Wednesday, February 18, 2009

Pulp non-fiction

One of the many things I miss, from home, is freshly squeezed orange juice.

Not, I should explain, juice freshly squeezed from an actual orange. That's way too much like hard work, even without the mess. What I'm talking about is bottles of orange juice untreated in any way - not reconstituted, not pasteurised, sans preservatives or any other ungodly treatment visited upon its natural pulpy goodness. Typically, it has a shelf life of about a week.

It's a universal pick-me-up: a drink whose natural sugar levels give an instant boost, no matter how tired or run-down or hung-over I am, without the inevitable subsequent carb-crash of a soft drink; whose liquid rehydrates my tissues; whose vitamins I can practically feel hunting down and beating into submission all those nasty free radicals unleashed by whatever good times I've had lately.

(I am aware that certain scientists, sponsored by I-know-not-whom-but-I-have-my-suspicions, claim that there is no health benefit to "freshly squeezed" orange juice. Those scientists are idiots, as indeed is anyone who thinks that "benefits" can be measured by lab equipment. They should try drinking it.)

Given that the UK is not exactly famous for its orange groves, the fact that you can get this stuff, year-round, in any decent British supermarket is a testament to their phenomenal logistical abilities. But one quickly gets used to such luxuries.

New Zealand supermarkets, I regret to say, are not in the same league. Sometimes I wonder if they're even playing the same sport.

The "pure squeezed" juice we encounter here, in our weekly shopping, is from two suppliers: McCoy's, a French-owned brand that basically sells soft drinks and reconstituted juice, with "squeezed" juice added to the product line pretty much as an afterthought; and Charlie's [warning: website will screw with your browser window and, if you're not careful, play offensive music at you], a brand whose idea of "honest squeezed orange juice" includes pasteurisation and "added Vitamin C".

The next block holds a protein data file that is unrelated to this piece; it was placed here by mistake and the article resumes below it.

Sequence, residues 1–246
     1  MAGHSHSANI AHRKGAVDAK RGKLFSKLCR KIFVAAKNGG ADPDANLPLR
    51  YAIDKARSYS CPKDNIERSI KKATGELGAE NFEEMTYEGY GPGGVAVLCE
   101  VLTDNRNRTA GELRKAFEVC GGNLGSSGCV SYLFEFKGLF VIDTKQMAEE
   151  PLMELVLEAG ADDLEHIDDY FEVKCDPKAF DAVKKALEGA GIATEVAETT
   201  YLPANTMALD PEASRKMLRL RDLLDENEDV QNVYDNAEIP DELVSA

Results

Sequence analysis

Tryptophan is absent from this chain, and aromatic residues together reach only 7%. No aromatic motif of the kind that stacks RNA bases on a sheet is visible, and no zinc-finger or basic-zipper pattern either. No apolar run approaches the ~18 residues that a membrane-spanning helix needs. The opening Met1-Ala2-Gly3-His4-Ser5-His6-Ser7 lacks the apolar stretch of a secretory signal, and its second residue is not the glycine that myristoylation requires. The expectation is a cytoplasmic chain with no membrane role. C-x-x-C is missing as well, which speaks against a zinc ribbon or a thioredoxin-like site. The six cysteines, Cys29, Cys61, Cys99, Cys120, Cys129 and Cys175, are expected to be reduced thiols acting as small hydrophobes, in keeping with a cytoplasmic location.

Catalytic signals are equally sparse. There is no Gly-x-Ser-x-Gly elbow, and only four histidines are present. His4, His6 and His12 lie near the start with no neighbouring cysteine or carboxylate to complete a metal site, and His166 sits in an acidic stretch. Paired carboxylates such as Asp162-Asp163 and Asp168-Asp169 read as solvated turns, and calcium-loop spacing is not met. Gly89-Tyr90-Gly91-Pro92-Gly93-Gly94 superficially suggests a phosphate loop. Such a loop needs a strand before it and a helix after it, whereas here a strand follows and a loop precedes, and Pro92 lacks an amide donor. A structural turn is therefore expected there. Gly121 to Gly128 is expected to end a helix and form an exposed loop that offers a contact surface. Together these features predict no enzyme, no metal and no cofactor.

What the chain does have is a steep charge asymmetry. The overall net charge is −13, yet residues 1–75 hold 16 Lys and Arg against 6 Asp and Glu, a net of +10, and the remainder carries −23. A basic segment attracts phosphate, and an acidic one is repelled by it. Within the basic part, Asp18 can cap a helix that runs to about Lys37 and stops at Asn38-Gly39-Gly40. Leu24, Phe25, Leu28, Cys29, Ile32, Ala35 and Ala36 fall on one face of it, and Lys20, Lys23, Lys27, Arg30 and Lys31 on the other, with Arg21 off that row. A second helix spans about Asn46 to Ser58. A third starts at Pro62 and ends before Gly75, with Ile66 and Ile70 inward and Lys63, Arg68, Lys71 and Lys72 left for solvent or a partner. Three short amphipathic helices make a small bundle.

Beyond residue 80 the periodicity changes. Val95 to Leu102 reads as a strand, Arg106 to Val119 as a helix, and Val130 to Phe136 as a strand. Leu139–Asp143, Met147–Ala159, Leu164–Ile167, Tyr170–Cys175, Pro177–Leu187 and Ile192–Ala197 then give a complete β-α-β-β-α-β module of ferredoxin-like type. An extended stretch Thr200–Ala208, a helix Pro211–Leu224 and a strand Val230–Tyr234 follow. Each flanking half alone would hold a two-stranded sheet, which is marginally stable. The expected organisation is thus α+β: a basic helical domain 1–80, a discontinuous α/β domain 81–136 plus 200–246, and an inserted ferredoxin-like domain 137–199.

Both of these products are a feeble, whispering shadow of the drink I've been hankering for. Compared with the mulish kick of Tesco's or Sainsbury's own brands, they're about as stimulating as a prod with a dry sponge.

So imagine my unbridled joy when, a couple of weeks ago now, I discovered a new brand on the shelves of New World. A brand whose "Best Before" date, instead of months ahead, was less than ten days away. We instantly bought three litres of the stuff.

And imagine my dismay when I read, last weekend, that it's a "limited edition", only available for twelve weeks. Which, by my reckoning, should end in late April.

The best I can hope for is that it'll be such a smash hit, others will see the market niche and move whatever parts of heaven and earth are necessary to fill it. I've been doing my part, putting it away faster than a Pennsylvanian judge. Come May, we'll see if it's been enough.


Nodressrehearsal said...

I forget how spoiled we are here, with anything edible your heart desires just half a mile away at the best grocery store in the history of the universe.

How about buying it all up and freezing it? I know, I know, but still... you'd get that wonderful taste, right?

vet said...

Freezing it? I don't know if that could work, but our freezer isn't big enough anyway, so I can't really try the experiment.

Thanks for the thought, though. That's lateral thinking, that is.

Nodressrehearsal said...

My folks used to do it when they lived in Florida and had orange and lemon trees. But they're the reigning king and queen of always having an extra freezer on hand for just such an occasion.

Anonymous said...

Grow your own grove of orange trees. In 42 years you'll have sweet sweet oj.


vet said...

Grow my own grove? Awww... but that means not only waiting 42 years (and what are the odds I'll last that long, deprived of all those vitamins?), but also doing my own squeezing.